Writing Killing Call-to-Actions That Convert

Writing Killing Call-to-Actions That Convert

The most important task of a successful marketer is to direct prospects so that they know what actions to take to convert. Call-to-action (CTA) prompts are paramount to this process. 

In fact, CTAs guide visitors to the desired destination, which usually includes these actions: 

  • Sharing content on socials
  • Registering for scheduled events
  • Downloading content, such as an eBook
  • Signing up for a subscription service
  • Learning more about the company’s products and services
  • Buying a product or service

For the most part, CTAs are displayed as hypertext phrases or pop-ups. They are also commonly presented as buttons highlighting and calling out specific actions (that lead to the purchase of a product or subscription to a service).  

The negative aspect of CTAs, though, is that they resemble spam (not the luncheon meat). Including many CTAs on a page makes it look super confusing, causing visitors to exit the page increasing the bounce rate.

But, if CTAs are done well, they can lead to more conversions than anticipated. They have to be effectively written, designed, and well-placed to do this. 

So, if your pages or website content don’t convert users, use CTAs to increase the conversion rate. Yet, if your CTAs are hard to find or unclear, they won’t convert prospects.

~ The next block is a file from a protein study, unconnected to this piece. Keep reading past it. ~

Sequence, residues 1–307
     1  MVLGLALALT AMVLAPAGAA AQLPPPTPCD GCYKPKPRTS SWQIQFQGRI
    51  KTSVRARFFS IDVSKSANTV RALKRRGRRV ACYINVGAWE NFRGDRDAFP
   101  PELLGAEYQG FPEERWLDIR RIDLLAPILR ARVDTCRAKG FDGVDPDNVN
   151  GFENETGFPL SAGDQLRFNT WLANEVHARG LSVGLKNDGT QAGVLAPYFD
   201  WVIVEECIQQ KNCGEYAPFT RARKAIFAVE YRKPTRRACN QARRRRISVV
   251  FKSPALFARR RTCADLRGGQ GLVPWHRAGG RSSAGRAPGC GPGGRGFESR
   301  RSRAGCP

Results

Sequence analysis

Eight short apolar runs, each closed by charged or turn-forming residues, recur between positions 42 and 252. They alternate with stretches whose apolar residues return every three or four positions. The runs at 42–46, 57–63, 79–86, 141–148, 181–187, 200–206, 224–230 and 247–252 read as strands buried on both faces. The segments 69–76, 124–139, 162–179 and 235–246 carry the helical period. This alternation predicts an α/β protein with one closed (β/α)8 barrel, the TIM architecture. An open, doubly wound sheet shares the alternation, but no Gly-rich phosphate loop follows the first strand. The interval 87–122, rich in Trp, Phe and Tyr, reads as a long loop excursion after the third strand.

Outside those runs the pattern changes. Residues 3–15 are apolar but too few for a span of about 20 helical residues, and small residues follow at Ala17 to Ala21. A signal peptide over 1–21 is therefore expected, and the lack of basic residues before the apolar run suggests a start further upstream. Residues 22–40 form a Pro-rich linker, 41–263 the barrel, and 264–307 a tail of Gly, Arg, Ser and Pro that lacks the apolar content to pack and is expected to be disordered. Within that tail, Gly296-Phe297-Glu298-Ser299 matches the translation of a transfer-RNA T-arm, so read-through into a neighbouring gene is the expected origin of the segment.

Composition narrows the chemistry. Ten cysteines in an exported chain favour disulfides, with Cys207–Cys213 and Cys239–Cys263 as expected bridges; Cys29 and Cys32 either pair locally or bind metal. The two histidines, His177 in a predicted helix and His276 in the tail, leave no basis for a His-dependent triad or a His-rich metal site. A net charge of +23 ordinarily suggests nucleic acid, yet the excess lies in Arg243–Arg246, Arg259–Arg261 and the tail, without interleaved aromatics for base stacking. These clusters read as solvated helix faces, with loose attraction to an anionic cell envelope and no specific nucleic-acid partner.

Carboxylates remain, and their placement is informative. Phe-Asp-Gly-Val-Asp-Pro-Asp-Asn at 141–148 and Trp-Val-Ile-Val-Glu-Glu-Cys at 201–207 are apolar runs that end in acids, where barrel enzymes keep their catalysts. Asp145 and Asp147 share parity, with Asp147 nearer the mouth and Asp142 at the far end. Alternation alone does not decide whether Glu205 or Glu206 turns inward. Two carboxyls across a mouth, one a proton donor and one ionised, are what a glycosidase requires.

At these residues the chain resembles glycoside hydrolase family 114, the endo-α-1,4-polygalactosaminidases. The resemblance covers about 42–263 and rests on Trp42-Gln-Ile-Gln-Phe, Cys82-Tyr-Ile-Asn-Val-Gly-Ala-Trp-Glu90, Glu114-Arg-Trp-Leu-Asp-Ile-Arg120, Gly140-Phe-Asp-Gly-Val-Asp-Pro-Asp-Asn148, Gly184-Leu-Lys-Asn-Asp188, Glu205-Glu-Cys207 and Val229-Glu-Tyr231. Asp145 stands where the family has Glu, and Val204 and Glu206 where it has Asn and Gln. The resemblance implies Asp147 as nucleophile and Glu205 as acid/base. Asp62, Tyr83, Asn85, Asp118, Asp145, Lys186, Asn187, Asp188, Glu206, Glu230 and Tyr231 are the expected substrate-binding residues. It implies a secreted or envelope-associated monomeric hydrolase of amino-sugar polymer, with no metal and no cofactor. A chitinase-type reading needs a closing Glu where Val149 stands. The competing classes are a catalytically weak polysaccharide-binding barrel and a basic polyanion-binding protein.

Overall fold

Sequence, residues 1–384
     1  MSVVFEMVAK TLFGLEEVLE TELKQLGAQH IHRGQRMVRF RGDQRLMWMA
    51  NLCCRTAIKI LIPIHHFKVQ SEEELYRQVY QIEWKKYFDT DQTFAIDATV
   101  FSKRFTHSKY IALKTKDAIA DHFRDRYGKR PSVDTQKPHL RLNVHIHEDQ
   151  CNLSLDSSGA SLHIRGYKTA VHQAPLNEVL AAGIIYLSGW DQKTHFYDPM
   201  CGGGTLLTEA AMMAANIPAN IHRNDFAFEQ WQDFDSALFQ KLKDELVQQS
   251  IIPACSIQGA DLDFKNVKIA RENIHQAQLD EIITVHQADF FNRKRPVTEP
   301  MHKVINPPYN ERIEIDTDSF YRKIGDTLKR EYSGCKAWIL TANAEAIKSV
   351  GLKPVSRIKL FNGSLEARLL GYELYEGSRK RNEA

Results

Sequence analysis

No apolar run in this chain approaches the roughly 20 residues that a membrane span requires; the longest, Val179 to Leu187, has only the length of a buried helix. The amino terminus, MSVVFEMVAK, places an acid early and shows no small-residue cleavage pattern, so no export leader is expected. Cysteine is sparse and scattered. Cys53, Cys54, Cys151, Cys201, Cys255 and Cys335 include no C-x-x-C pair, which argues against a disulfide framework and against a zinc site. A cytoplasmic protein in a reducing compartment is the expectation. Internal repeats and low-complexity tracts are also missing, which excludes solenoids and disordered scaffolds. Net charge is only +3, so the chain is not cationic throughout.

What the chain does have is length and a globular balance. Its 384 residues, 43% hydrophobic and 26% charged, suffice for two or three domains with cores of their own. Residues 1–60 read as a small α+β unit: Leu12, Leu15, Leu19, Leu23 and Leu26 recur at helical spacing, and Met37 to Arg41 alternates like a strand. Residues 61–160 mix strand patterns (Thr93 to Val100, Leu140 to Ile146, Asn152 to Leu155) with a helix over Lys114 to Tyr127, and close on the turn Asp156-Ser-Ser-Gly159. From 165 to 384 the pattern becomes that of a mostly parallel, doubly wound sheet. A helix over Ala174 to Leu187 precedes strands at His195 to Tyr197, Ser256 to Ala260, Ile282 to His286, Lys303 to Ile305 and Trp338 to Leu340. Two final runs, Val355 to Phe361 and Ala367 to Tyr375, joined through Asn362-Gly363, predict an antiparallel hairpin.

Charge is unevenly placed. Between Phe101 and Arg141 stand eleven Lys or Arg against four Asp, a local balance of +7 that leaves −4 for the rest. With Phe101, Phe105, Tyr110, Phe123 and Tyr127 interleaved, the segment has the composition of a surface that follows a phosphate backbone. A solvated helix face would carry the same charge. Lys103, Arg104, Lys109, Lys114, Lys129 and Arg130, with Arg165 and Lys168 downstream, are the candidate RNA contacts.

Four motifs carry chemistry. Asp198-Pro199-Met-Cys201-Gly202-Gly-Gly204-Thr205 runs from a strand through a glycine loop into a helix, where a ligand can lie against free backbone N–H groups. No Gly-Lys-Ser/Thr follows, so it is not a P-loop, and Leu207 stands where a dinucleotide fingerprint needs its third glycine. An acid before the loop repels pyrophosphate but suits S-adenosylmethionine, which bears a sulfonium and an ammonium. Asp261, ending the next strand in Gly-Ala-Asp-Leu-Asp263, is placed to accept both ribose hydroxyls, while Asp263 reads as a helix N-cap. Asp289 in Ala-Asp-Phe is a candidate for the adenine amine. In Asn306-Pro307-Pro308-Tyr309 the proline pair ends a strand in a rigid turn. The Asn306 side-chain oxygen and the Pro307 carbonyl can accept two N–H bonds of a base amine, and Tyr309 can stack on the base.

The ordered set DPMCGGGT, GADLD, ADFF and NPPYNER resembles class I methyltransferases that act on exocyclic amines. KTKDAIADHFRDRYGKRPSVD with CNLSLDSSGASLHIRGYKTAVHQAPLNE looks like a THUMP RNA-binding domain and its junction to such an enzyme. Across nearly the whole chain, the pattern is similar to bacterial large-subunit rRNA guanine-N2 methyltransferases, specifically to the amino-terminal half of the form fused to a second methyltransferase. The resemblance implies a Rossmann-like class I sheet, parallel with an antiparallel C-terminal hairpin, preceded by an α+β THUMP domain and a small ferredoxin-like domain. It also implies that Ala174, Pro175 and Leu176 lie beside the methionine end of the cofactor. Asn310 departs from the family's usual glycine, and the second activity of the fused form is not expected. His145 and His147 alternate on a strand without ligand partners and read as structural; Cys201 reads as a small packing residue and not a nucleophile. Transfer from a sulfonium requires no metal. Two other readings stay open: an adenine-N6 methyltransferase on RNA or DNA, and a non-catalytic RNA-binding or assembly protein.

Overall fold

Read on to find the best ways to improve the success rate of your CTAs.

The 4 Killing CTA Tips You Should Know

Have a Clear Action

If your CTAs are not clear enough and don’t provide directions that are easy to follow to prospects, that’s an issue. Your button copy should always be to the point and short and should not use more than 4-5 words. Additionally, the direction must be specific. Hence, avoid using words like “Get Started” as they’re too general and don’t convey a sense of urgency. 

As mentioned above, the copy around your CTA has to provide detail so visitors can understand quickly why they have to click on your button and what they will gain by clicking it (how does clicking benefit them).  

Ask the following questions when creating your CTAs:

  • Why should the reader take action?
  • What action should they take?
  • What happens when they click the CTA button?

You can see if your CTA has enough detail and is to the point by answering these questions. Readers who can answer all questions know what action they must take and where it will lead them. 

Use Action-Related Words and Phrases

That’s not surprising. Using action-oriented phrases is a must when using CTAs. Therefore, keep in mind to start your CTA always with a verb. This way, the reader is prompted to take action and convert. 

Use Action-Related Words and Phrases

Words such as “Download,” “Subscribe,” and “Click here” are used and work if there’s the detail around the CTA buttons. Yet, don’t be lazy and be a bit creative with your CTA prompts.

In other words, use your buttons to stress the value of your products or services to convince prospective customers to convert. 

Appeal to the Prospects’ Emotions

Appealing to emotion is one of the most tried-and-true tactics master wordsmiths use to convince users to purchase or subscribe. Here are some of the most known tactics: